Celeb Style Hope Hicks, Melania Trump, President Trump, state banquet, Japan, White House, Le Smoking, Shinzo Abe, Tiffany Trump, White House communications director
Why social media was more focused on Hope Hicks than Melania Trump at the Japanese state dinner

President Trump spent the weekend in Japan with Prime Minister Shinzo Abe. The pair bonded over golf, fed koi, and ended their weekend with a state dinner on Sunday.

In attendance were most of the American president’s entourage, but it wasn’t first lady Melania Trump’s choice of dress that attracted attention. Instead, it was White House communications director Hope Hicks whose ensemble created a social media lightning storm.

Hicks chose a tuxedo jacket à la Le Smoking and an almost-butterfly bowtie for an androgynous look, while the first lady opted for a floor-length red gown.

Twitter users were eager to seize the sartorial choice as a moment to do everything from offer praise to remark that the 29-year-old White House employee looks less a political staffer and more like a character from the early aughts teen drama Gossip Girl (the irony being Hicks was the face of a Gossip Girl-inspired book in 2005.)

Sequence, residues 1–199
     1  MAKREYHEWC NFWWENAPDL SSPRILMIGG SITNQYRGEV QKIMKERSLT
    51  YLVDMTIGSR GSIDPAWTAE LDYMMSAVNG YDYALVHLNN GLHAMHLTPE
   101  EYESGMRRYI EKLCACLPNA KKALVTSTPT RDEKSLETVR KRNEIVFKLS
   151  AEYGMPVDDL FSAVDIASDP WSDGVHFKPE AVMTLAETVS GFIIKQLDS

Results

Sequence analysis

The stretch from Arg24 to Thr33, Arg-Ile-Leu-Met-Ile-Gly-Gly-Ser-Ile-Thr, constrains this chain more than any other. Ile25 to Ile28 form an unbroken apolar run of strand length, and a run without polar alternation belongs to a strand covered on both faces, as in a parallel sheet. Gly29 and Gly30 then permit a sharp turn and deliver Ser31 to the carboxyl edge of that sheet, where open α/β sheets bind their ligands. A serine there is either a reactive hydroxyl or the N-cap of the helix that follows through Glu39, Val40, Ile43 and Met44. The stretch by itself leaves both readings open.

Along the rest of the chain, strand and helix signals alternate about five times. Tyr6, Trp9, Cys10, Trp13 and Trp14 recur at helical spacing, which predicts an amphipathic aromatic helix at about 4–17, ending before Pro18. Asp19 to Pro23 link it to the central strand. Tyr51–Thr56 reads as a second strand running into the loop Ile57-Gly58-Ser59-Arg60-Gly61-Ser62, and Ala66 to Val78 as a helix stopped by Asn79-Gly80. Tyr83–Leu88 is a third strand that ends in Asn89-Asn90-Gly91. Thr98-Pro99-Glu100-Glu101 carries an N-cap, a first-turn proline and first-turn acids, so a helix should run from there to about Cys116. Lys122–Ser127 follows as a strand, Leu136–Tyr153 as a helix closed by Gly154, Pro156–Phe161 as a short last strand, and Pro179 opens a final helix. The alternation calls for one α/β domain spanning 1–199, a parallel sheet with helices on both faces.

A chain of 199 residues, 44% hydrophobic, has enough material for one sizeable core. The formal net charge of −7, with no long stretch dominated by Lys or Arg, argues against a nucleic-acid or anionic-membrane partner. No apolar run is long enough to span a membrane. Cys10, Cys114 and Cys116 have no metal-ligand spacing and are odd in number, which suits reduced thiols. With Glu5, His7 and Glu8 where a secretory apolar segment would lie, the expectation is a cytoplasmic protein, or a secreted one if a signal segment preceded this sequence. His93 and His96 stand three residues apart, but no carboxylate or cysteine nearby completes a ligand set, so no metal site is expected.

Although it may be an unexpected choice within the political arena, women in tuxedos hardly elicit a double take within fashion circles and on celebrity red carpets. Yves Saint Laurent created Le Smoking in 1966, a now-iconic tuxedo-style suit made especially for women, which became part of Saint Laurent’s legacy and grew to become one of fashion’s most revolutionary silhouettes.

Tux-clad stars such as Rihanna, Evan Rachel Wood, Janelle Monae, and Diane Keaton all come to mind, though it’s unknown yet (albeit unlikely) whether Hicks opted for something comparable to an Altuzarra or Dolce & Gabbana, as her celebrity counterparts have done. Hicks did not respond to Yahoo Lifestyle’s request for comment.

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